Their physical feats have become more advanced too. I mean, climbing onto the counter to get us a drink of water from the reverse osmosis spigot! I was impressed in a scared sort of way. They both can climb over our backyard chainlink fence, and Lee can climb onto the roof of my car, just in case we ever need him to do that.


Lee has been at La Habra Hills Presbyterian Preschool for a month now, and while I don't think he'd admit it, I think he likes it. He's learned the Carden names of all the letters and points them out around the house.

"Mommy, there's I-love-to-dance-around-and-sing," which is the letter "s" or "There's the fish hook," the letter "f".

The other day he came home with a bandaid on his finger because he and another boy were sword fighting each other using their sand shovels. When I pick him up, he's eager to show me his crafts and worksheets. And Rose likes to talk about when she's four and can go to pre-school too. "Mommy, Rose can go to preschool now. There are little children in the classroom next to mine." Dang! He knows.

Yes, raising these two has become slightly easier and slightly more tricky.

Thursday, January 19, 2017

Everything I Learned in 4 Weeks of Tae Kwon Do

The class was filled with teenagers—black-belt teenagers ranging from ages thirteen to eighteen—and one grandfather who also had a black belt. Then there was Phil and me in our stiff white belts that were trying to hold down our stiff white uniforms so that we didn't look like we came to class in giant folded sheets of origami.

I'm not sure why our uniforms felt like they were made of canvas tent while everyone else's looked like a black polyester-cotton blend. Oh well. The uniforms came free along with four weeks of classes at Victory Tae Kwon Do in Whittier.

This is where our four-year-old, Lee, started Tae Kwon Do in October. And after two months of classes, he was still cowering behind me as we entered the gym, and refusing to walk onto the mat at the start of class. Although, he had no problem instructing Rose in the moves at home.

One day he brought me the informational sheet for belt testing and a promotional coupon for someone to take a free month of Tae Kwon Do. And that is why Phil and I showed up one evening to work out with the teenagers. We figured that if Lee saw us working out on the mat, he'd be more eager to join his own Tiny Tigers class.

To be fair, a few more white belts joined our ranks over time. And yes, there were a number of orange, purple, and brown belts too. But when you're in white, everyone else looks like a ninja.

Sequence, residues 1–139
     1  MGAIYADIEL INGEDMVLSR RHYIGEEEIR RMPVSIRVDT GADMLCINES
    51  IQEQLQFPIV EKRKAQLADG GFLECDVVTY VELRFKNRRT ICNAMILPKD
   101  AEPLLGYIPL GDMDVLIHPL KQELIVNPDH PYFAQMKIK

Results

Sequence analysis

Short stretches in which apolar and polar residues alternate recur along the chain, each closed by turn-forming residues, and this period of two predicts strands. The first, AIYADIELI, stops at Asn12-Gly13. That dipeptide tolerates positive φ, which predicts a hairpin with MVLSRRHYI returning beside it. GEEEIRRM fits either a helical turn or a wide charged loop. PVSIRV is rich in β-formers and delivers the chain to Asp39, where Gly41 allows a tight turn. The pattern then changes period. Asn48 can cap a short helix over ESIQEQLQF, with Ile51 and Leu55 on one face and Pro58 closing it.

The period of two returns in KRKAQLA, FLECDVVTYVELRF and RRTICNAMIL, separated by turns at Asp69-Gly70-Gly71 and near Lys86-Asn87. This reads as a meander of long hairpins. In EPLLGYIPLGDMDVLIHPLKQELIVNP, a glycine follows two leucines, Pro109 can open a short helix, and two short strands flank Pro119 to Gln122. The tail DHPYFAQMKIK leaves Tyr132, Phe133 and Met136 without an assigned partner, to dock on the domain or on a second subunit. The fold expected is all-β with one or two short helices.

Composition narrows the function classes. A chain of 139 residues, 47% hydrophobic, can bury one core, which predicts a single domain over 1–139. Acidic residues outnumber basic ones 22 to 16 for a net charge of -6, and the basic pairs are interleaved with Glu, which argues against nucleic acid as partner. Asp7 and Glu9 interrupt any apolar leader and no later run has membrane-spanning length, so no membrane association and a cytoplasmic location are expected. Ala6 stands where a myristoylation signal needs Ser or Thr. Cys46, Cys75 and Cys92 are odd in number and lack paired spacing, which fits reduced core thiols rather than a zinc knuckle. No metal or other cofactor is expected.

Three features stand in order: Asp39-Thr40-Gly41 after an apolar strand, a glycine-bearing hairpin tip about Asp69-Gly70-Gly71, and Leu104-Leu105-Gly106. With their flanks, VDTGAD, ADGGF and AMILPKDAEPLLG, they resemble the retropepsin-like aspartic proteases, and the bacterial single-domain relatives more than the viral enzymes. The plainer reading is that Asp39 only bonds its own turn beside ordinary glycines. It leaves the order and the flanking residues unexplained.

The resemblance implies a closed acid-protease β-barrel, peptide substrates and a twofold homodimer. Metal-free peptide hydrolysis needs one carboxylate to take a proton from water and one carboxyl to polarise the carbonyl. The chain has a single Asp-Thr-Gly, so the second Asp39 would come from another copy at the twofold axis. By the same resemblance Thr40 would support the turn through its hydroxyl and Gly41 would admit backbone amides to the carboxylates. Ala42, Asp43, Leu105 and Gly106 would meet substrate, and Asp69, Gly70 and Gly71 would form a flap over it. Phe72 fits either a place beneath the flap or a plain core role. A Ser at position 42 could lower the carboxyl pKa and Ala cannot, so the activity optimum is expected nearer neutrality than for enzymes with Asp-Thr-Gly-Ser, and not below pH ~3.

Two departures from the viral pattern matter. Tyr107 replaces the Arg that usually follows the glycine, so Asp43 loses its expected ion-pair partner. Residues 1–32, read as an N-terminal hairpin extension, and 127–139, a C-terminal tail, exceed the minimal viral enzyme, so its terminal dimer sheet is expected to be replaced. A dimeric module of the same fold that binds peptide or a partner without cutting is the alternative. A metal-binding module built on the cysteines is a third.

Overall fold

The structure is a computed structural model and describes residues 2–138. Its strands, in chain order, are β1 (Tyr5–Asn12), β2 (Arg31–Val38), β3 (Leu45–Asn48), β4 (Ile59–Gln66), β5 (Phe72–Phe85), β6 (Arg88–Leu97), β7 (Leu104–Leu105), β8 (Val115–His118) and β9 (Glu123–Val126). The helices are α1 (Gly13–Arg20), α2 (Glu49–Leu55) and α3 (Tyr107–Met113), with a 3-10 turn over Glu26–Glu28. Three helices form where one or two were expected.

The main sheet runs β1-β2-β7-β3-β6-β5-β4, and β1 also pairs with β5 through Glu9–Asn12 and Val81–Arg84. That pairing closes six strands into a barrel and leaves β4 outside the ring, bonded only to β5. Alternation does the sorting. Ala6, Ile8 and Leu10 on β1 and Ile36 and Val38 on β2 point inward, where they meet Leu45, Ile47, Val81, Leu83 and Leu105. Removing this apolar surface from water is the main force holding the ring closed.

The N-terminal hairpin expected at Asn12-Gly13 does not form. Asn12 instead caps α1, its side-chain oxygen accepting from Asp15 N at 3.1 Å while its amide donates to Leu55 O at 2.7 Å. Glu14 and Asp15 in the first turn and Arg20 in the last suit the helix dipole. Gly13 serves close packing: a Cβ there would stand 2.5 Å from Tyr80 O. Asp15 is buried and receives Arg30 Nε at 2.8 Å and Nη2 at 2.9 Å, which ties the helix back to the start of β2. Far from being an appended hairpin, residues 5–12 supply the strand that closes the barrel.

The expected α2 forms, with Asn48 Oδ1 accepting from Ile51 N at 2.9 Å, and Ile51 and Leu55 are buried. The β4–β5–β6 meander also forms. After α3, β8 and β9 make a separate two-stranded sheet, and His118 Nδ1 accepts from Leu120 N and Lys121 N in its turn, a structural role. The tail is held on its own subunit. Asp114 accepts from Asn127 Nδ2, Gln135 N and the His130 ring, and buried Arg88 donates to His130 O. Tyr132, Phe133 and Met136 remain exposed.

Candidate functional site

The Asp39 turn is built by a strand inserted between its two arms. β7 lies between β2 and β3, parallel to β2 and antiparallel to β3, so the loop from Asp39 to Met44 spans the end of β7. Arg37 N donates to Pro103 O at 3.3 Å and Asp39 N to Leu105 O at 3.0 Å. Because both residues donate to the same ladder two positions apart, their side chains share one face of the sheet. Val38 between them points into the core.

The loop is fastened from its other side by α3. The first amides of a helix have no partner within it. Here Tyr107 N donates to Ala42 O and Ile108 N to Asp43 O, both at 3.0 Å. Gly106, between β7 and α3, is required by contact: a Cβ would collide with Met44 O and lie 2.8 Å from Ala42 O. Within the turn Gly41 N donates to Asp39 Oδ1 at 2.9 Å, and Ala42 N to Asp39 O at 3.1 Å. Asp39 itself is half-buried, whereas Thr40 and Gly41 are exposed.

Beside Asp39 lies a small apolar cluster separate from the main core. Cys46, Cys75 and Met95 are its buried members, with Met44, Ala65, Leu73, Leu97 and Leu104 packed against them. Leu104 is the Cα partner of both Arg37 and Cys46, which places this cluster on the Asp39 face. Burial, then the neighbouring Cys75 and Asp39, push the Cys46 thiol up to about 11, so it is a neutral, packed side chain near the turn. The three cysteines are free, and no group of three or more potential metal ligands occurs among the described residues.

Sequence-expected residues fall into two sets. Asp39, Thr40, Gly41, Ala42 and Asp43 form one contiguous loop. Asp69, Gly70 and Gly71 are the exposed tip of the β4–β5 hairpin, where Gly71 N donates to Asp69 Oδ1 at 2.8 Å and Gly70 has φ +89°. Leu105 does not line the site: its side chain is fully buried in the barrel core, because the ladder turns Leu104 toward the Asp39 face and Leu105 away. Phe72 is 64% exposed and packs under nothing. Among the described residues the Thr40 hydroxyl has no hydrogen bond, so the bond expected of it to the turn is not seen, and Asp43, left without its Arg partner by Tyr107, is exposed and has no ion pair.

I'd forgotten what it feels like to know nothing while everyone else seems to know everything. Actually, correction. I feel like that quite frequently as a parent, but at least no black-belt parents are raising their children in the other room and occasionally peaking in at my progress.

It was a good place to learn to think a little less of myself. To bow to instructors and students alike. To take direction from sixteen-year-old assistants who called me "ma'am." To answer "Yes, sir!" when I really wanted to say, "But I'm just not that flexible," or "But my foot keeps wanting to turn this way," or "But I haven't done push-ups since High School," or "Oh my gosh! I'm so sorry for kicking your hand. You really should get a bigger clapper for me."

Enough excuses! This was not the place for glory. This was not the place for ego. This was the place to follow the leader. This was the place to find satisfaction when I simply didn't trip over my own feet. This was the place to kick and punch things after a day of provocations from little children. This was a place to give Phil a high five even when we lost the relay race and had to do push-ups. This was the place where we tried our hardest and then limped the next couple of days because of it.

I guess the mind is stronger than the body now.

Phil took Karate in middle school and at one point in my life I could do handstand push-ups. But I think we were fourteen then. That is to say that after our first class of push-ups, squats, splits, and sprints, I couldn't raise my arms above my head and Phil couldn't sit down without groaning. Really!? Was I really the only girl who had to resort to doing girl push-ups? Yup. I guess girls are at their physical peak at fourteen seeing as the girl opposite me was doing one-handed push-ups. It's all down hill from there, girl.

I suppose its time to accept some God-made limitations.  Nevertheless, I did catch myself day-dreaming about my instructors saying, "And now we will count our jumping-jacks in Greek," or "Everyone who doesn't know how to make chicken stock must do 50 pushups," or "Next week I expect a 500 word essay on what you think about Tae Kwon Do," or "If you think this is hard, try birthing a child."

Aside from the workout that made us sore for four weeks straight, we learned a few Korean words—which we regularly butchered between ourselves at home—, a choreographed sequence of moves called a Kata, and how to do a hammer punch. Phil already knew the punching bit, and they let him pound on the thicker boards. I was stuck punching foam boards in a slow haltingly way—Okay, I think I squeeze my fist like this. Yes. That looks right. Then I guess I need to pull my arm back. Yes. That's what the other guy did. And then I hit really hard while shouting KIHAP!